The origins of Labor Day are disputed, but this much is certain: On June 28, 1894, President Grover Cleveland signed a law establishing the first Monday in September of each year as a national holiday. This is what the U.S. Department of Labor says on its website: “The vital force of labor added materially to the highest standard of living and the greatest production the world has ever known and has brought us closer to the realization of our traditional ideals of economic and political democracy. It is appropriate, therefore, that the nation pays tribute on Labor Day to the creator of so much of the nation’s strength, freedom and leadership — the American worker.”
We hope you’re enjoying this Labor Day weekend. Let’s be frank: It’s always something of a mixed bag of a holiday.
Along with Memorial Day weekend, it serves to bookend — unofficially at least — the summer. But can a holiday weekend that ushers in September compete with one that heralds the glorious months of June, July and August?
We are second to no one in our admiration of American workers, and believe strongly they deserve to be celebrated. We’re just sorry that their day is associated with the end of summer vacations and the resumption of business as usual.
For parents with kids in school, September means a return to supervising homework in the evenings, jam-packed schedules and the grind of packing lunches. For all of us, it means fewer hours of daylight — leaving work at 6 or 7 p.m. isn’t so bad while the skies are still bright — and more complicated commutes to work (because everyone is back from vacation, and school buses are back on the roads).
The members of the LNP Editorial Board are divided in their preferences for the particular seasons. But we concur that no pumpkin spice-flavored delicacy can compare to strawberries, cherries, sweet corn and mint freshly harvested from the gardens and fields of Lancaster County.
Still, September has its virtues — among them, cooler days, Friday night lights, Lancaster City Restaurant Week (Sept. 16-22), Oktoberfest at the Lancaster Liederkranz (Sept. 20-22), the Denver Fair (Sept. 10-14), the Solanco Fair (Sept. 18-20), the Ephrata Fair (Sept. 24-28) and the West Lampeter Fair (Sept. 25-27).
Whatever your favorite season, however you celebrate this Labor Day weekend and the September days to follow, we wish you well.
As we write this, we are keeping a nervous eye on the forecast and the projected track of Hurricane Dorian. Ominously, that hurricane was forecast Friday to become a Category 4.
According to the National Hurricane Center, a Category 4 hurricane brings winds between 130-156 mph, catastrophic damage, fallen trees and power outages lasting weeks to possibly months; most of the affected areas “will be uninhabitable for weeks or months.”
In an advisory posted at 5 p.m. Friday, shortly before this Perspective section went to press, the National Hurricane Center said Dorian already had become an “extremely dangerous” hurricane, and it was heading for the Northwestern Bahamas.
The hurricane center said that based on its track as of Friday afternoon, Dorian’s core should “be near the Florida east coast late Monday.”
The hurricane center’s scientists noted that it was too soon at that point to “determine where the highest storm surge and winds will occur.”
But this was their greatest concern: that Dorian would stall over Florida, causing a “prolonged, drawn-out event of strong winds, dangerous storm surge, and heavy rainfall.”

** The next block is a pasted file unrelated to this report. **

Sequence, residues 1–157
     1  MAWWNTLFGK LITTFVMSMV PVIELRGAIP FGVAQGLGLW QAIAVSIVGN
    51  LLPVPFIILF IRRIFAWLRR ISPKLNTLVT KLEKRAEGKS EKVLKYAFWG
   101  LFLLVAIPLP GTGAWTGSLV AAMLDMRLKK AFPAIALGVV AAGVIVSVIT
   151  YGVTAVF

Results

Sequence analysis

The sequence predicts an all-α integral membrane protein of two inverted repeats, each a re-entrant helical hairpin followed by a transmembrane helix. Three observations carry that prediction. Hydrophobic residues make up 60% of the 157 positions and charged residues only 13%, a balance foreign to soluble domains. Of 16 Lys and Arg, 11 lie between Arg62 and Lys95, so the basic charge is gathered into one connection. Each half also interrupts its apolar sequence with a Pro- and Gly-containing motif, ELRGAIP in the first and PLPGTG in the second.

“Slow is never our friend,” Ken Graham, director of the hurricane center, said, as quoted in the South Florida Sun Sentinel. “Slow means more rain. Slow means a longer period of time to get those winds and saturate the soils. More trees down. More power outages.”
As Mark Paul, assistant professor of economics at New College of Florida, pointed out, even prepping for a hurricane is expensive. “This is a major problem, especially as 40% of people don’t have $400 to spend on emergency expenses, like hurricanes,” he tweeted.
The one silver lining: Puerto Rico — which still is struggling to recover from the devastation wrought by Hurricane Maria in 2017 — avoided Dorian’s wrath last week. For the many Lancaster County residents who have relatives on that U.S. island territory, this surely was a great relief. We were relieved for them.
Now, we wait to see what Hurricane Dorian brings. We wait and pray, along with the residents of Florida and other parts of the Southeast. And hope this Labor Day weekend turns out to be unremarkable, in the best possible way.
An update Sunday: The National Hurricane Center said Sunday afternoon that Dorian had grown larger and had become an "extremely dangerous category 5 hurricane" with maximum sustained winds to near 180 mph. "Some fluctuations in intensity are likely, but Dorian is expected to remain a powerful hurricane during the next few days."
According to the center's website, a "prolonged period of catastrophic winds and storm surge will affect the Abaco Islands" in the Bahamas on Sunday." These catastrophic conditions were likely on Grand Bahama Island later Sunday.
We are thinking of everyone in the affected areas, and fervently hoping they escape the danger.
Just in case
If the worst — or even the very bad — happens, relief workers are going to need our help. Check charitynavigator.org for a reputable relief organization.
Or visit redcross.org, call 800-RED CROSS, or text the word DORIAN to 90999 to make a $10 donation.
The Red Cross website says it has an emergency need for blood donations “following a summer shortage. ... We encourage eligible donors in parts of the country unaffected by the storm to give blood or platelets to help ensure a sufficient blood supply.”